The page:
Stone veneer

Discussion in 'Hardscaping' started by Captains Landscape, Aug 23, 2007.

  1. Captains Landscape

    Captains Landscape LawnSite Senior Member
    Posts: 333

    Don't see much discussion about this, I think the general consensus is it's better left for brick masons. Does anyone have any tips or suggestions. I'm talking about full dimensional veneer, not that thin sh*t. I'm experimenting at my house and having trouble. :cry:
     
  2. paponte

    paponte LawnSite Silver Member
    Posts: 2,366

    We don't do alot of natural stone veneer if thats what your talking about, but we do alot of what you consider "thin sh*t. Great money maker, and you don't need a whole crew of guys either. We use Eldorado Stone and Owens Corning. Takes some time and a little patience, but the end results look great IMO.
     
  3. leaflandscape

    leaflandscape LawnSite Member
    Posts: 241

    Are you talking cultured stone or natural stone veneers like ledgerock. We do a fair amount of masonry work, and the thin stuff holds up just as well as the thicker stone to traffic and doesn't have quite the weight when installing.
     
  4. Captains Landscape

    Captains Landscape LawnSite Senior Member
    Posts: 333

    i'm sure there is a time and place for the manufactured cultured stone. I'm in the practice phase on this. I think there is something special about having the full size veneer in a project. Even though the "thin" and "full" should look the same at completion, it just feels more gratifying to have the "real thing".
    Thin cut natural stone veneer is a great product to keep the industry competitive against other options the homeowner has. The easy application drops the masons labor involvement in order to keep the price reasonable. It's a shortcut in the industry to make our life easier. But there is something to be said about not taking the shortcut.....know what I mean.
    The veneer is 3"-6" thick, mosaic. I'm going masonry to masonry, non-cavity build. I cant get the placement right. I'm trying to get the joints to have a "over grouted" look. Are people using wedges and supports, then going back and filling the joints after the course is completed? Hints...tips...comments?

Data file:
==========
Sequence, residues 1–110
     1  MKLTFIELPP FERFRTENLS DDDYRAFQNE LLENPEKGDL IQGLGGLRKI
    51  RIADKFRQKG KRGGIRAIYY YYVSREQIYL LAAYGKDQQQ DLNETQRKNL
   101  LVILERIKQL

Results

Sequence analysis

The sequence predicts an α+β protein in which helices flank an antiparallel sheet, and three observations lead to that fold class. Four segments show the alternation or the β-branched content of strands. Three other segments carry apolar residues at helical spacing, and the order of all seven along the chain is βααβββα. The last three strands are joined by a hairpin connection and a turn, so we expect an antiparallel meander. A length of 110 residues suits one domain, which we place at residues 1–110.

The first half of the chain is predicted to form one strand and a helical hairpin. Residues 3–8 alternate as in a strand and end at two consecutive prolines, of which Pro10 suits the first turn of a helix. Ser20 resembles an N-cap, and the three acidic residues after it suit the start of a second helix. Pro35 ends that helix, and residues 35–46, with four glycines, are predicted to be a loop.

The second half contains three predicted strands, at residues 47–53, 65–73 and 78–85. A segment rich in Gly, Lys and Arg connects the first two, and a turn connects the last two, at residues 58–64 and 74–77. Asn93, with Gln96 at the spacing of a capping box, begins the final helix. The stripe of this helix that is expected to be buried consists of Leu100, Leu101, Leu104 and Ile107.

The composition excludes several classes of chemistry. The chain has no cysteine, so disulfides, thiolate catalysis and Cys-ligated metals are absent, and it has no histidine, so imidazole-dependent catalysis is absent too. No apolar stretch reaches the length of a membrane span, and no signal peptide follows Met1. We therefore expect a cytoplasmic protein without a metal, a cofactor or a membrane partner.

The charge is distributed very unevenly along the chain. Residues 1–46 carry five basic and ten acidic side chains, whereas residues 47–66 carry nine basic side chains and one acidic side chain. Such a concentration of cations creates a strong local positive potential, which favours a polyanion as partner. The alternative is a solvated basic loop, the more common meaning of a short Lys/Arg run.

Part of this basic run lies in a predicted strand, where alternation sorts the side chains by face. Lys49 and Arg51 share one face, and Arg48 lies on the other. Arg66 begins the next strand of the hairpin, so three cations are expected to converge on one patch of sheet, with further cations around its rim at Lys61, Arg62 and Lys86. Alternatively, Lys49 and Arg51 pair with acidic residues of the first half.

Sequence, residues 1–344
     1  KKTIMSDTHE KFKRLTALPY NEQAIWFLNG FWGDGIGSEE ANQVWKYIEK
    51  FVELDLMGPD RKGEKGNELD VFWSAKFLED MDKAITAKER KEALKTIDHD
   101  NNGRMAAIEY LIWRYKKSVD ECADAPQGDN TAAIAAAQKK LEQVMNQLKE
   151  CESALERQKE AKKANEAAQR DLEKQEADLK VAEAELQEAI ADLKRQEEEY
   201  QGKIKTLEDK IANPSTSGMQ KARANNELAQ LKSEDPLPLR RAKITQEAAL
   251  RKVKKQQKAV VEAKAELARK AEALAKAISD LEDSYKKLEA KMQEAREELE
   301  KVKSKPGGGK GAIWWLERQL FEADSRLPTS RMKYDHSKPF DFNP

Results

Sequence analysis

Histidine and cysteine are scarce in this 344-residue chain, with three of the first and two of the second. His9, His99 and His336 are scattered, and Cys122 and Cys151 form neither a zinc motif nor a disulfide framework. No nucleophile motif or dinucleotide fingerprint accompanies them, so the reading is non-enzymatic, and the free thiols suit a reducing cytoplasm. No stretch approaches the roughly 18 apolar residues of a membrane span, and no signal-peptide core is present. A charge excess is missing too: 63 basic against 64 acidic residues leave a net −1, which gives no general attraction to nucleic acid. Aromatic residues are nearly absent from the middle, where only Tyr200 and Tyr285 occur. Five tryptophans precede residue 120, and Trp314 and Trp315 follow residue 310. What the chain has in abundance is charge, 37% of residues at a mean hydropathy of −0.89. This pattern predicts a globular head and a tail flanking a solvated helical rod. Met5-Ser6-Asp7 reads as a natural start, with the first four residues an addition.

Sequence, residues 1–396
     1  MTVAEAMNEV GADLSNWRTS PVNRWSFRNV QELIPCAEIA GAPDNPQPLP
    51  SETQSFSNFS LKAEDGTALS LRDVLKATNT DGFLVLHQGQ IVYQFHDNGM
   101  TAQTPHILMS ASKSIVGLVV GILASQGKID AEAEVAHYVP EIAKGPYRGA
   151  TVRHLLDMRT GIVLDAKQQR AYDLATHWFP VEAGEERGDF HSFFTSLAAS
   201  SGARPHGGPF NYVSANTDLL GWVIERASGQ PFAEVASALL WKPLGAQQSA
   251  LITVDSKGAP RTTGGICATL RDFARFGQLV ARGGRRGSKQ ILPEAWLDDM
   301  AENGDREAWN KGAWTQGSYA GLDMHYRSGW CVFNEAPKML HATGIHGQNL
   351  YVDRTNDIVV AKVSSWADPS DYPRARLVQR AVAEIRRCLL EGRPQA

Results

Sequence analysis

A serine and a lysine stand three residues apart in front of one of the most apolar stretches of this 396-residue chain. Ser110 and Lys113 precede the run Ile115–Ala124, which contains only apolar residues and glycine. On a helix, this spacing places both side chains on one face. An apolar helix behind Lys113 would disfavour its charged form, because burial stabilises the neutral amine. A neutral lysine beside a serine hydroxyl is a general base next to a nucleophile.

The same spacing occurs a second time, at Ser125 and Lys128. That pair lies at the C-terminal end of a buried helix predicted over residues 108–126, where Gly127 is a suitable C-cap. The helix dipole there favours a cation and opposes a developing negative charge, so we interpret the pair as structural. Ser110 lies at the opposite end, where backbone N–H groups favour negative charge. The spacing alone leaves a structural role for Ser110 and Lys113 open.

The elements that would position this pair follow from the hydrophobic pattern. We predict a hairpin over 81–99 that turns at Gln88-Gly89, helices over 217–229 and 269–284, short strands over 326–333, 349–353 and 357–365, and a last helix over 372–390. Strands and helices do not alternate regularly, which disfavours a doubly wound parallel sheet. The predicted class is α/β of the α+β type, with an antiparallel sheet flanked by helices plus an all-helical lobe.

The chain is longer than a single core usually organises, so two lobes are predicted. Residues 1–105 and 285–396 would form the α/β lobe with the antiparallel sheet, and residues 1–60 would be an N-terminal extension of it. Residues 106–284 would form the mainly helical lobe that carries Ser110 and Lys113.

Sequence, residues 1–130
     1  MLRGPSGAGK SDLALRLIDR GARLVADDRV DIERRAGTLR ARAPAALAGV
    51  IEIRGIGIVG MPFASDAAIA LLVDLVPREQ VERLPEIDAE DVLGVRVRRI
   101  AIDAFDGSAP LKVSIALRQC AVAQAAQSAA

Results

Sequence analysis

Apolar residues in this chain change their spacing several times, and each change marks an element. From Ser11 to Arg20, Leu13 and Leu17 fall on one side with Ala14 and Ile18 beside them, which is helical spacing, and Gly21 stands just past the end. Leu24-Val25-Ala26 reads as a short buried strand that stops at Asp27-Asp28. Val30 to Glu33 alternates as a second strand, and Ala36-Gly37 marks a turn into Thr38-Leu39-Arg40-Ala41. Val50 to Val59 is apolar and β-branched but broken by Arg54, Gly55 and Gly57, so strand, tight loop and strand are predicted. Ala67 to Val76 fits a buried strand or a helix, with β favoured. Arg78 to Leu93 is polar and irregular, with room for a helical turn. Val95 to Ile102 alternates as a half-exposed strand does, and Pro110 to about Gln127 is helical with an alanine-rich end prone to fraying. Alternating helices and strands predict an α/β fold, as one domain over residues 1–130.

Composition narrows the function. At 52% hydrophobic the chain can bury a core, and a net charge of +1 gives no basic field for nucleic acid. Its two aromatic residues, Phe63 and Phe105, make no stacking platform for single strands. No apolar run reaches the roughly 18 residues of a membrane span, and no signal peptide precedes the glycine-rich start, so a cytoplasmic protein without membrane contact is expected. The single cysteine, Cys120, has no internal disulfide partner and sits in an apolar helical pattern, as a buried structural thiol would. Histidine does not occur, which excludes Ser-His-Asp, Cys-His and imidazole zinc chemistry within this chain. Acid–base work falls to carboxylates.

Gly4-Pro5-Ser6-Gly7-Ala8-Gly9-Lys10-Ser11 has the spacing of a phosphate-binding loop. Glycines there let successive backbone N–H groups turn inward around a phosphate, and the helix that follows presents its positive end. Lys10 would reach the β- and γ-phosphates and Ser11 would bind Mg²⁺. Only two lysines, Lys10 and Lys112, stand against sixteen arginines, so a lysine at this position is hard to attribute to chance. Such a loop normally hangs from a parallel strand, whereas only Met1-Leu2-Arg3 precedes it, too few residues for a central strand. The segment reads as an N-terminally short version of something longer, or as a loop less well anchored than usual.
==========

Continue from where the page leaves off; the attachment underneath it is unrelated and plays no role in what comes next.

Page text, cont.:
5. Captains Landscape

    Captains Landscape LawnSite Senior Member
    Posts: 333

    examples......

    Picture 2.jpg

    23.JPG.jpg
     
  6. paponte

    paponte LawnSite Silver Member
    Posts: 2,366

    What type pf mortar are you using? and to what mixture? Takes a little getting used to making a workable mix if your not used to working with mortar all the time, also weather will play a role in it as well. Adding lime will give you more of a paste mix and will hold your pieces alot better. We also use brick ties in almost all of our applications. For over mortared joints we normally go back with the pastry bag and fill in everything.
     
  7. Captains Landscape

    Captains Landscape LawnSite Senior Member
    Posts: 333

    Type S mortar w/ lime premixed. I want wider joints and I cant get the heavy pieces set without pushing out the bed joint. I'm thinking shims, but I was wondering what others do?
     
  8. Henry

    Henry LawnSite Senior Member
    Posts: 549

    I had the front of my house done with natural stone about 9 years ago. The masons used screws and wires to hold the large pieces in place until the mortar set. They could only do about 16 sf per day.
     
  9. Captains Landscape

    Captains Landscape LawnSite Senior Member
    Posts: 333

    Do you remember if there is a cavity between the house and the stone work? I'm assuming not, and there are weeps at the bottom. That's another problem I'm having, the area is small and I'm doing the corners first. I can get only a few stones up before I have to stop!
     
  10. bigviclbi

    bigviclbi LawnSite Senior Member
    from nj
    Posts: 894

    If the work in progress is yours I think it looks real good.
     

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